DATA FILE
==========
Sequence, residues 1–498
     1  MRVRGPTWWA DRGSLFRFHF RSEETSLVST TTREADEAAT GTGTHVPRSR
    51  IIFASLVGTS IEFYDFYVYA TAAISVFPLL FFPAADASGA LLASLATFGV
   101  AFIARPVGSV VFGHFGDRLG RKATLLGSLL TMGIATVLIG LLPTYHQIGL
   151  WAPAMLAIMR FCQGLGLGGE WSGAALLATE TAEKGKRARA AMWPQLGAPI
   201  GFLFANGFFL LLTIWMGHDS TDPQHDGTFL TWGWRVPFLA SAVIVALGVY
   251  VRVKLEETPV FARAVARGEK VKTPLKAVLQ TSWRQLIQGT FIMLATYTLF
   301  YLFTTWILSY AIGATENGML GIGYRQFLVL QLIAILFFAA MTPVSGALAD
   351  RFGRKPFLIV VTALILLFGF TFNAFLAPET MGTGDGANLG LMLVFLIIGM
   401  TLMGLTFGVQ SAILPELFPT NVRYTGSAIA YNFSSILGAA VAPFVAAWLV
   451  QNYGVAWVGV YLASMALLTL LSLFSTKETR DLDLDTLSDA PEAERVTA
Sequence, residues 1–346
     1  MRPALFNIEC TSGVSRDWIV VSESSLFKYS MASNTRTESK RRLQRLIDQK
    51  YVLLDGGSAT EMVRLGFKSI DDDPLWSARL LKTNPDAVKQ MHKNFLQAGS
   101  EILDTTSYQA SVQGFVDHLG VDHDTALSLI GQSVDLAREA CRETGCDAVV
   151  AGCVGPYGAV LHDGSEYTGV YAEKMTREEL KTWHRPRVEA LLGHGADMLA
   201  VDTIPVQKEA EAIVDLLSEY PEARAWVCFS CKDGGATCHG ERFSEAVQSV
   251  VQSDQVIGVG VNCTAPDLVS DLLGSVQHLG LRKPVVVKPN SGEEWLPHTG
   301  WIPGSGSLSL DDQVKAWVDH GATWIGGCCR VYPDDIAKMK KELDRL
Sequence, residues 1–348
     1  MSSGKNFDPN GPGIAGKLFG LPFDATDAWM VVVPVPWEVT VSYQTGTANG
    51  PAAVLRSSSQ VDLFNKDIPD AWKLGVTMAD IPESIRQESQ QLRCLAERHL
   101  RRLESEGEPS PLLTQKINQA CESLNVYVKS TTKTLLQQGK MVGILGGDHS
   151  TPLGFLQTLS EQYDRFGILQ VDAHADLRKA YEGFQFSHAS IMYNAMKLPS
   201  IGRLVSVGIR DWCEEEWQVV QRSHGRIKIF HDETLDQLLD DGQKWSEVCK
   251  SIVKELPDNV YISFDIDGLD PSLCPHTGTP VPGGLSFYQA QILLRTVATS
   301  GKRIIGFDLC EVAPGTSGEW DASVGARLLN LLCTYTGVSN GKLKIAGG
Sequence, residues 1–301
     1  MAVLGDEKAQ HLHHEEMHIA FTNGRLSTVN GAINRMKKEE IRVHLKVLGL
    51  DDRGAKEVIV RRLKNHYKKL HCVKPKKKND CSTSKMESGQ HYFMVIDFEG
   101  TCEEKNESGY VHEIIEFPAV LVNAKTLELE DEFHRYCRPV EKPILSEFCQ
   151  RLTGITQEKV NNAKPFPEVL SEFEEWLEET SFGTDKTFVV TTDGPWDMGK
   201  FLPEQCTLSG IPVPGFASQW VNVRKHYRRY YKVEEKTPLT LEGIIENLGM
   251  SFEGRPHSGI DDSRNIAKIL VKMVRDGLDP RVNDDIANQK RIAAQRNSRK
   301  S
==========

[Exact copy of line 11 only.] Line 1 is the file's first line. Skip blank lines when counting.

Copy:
   451  QNYGVAWVGV YLASMALLTL LSLFSTKETR DLDLDTLSDA PEAERVTA